* Longtime activist with numerous leftwing organizations
* Advocates class warfare
* States that she is gay and wants her daughter to be gay
Born on March 27, 1977 in Allentown, Pennsylvania, Sally Kohn holds an undergraduate degree from George Washington University as well as a joint degree in law and public administration from New York University. Since completing her formal education, Kohn has served variously as executive director of the Third Wave Foundation; a Vaid Fellow at the National Gay and Lesbian Task Force Policy Institute; a consultant with the Urban Justice Center; a strategic adviser to the Social Justice Infrastructure Funders; a fellow at the Ford Foundation; a senior campaign strategist with the Center for Community Change; a contributor for Fox News; and, currently, a political commentator for CNN and the Daily Beast. Kohn also works as a media and public-speaking coach. She is also the founder and chief executive officer of the Movement Vision Lab, a grassroots think tank that focuses on liberal and progressive ideas and positions. She resides in Brooklyn, New York, with her longtime domestic partner, Sarah Hansen, and the couple’s daughter.
Regarding U.S. Withdrawal from Iraq in 2011
Contrary to Kohn’s latter claim, however, it has been well established that Iraqi Prime Minister Nouri al-Maliki did in fact favor keeping a substantial U.S. presence in Iraq (to preserve the peace and prevent a resurgence of terrorist activity) even after the withdrawal of most American troops, though for political reasons he needed to be circumspect and discreet in articulating that position. According to a New York Times report: “At the end of the Bush administration, when the Status of Forces Agreement, or SOFA, was negotiated, setting 2011 as the end of the United States’ military role, officials had said the deadline was set for political reasons, to put a symbolic end to the occupation and establish Iraq’s sovereignty. But there was an understanding, a senior official [in Baghdad] said, that a sizable American force would stay in Iraq beyond that date.”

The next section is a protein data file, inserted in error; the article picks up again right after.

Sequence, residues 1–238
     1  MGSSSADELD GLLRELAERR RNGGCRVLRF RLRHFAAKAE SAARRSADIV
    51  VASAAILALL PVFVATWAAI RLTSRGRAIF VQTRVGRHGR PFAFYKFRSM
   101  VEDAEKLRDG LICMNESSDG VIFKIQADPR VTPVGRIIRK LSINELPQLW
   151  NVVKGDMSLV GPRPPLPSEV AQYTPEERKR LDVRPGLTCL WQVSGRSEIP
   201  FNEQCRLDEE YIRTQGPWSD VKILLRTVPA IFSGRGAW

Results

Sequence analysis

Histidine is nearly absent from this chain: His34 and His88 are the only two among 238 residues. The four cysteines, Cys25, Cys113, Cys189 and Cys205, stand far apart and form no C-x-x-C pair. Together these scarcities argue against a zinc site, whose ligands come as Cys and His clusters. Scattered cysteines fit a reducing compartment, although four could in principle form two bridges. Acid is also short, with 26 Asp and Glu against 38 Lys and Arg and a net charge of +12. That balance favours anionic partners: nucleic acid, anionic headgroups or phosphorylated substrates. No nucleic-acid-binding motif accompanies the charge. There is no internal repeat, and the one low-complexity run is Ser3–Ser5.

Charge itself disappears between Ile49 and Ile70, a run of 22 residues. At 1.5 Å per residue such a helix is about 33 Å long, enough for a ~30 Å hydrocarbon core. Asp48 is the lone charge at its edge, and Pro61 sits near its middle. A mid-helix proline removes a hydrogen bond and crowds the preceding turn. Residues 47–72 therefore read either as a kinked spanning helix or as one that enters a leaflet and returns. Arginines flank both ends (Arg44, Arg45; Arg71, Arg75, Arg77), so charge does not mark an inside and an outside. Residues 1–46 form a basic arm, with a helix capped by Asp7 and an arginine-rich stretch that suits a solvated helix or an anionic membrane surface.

Regarding Refugees from Syria and Elsewhere in the Middle East
Kohn believes that the United States should permit refugees from war-torn hotbeds of terrorism in the Middle East to resettle in America, and she has condemned President Donald Trump’s call for a temporary ban on travel from such countries to the U.S. as both senseless and heartless. For example, on August 19, 2016, Kohn took to her Twitter account and posted a photo of an injured five-year-old boy in Syria, along with the caption: “This is who @HillaryClinton wants America to help – and who @realDonaldTrump wants to keep out.” Similarly, in an October 9, 2016 tweet, Kohn posted a photo of a group of smiling little Syrian children who were flashing “peace” signs with their fingers, below a caption that read: “FYI, these are the dangerous Syrian refugees Trump wants to keep out and lump in with the extremists who destroyed their homes.”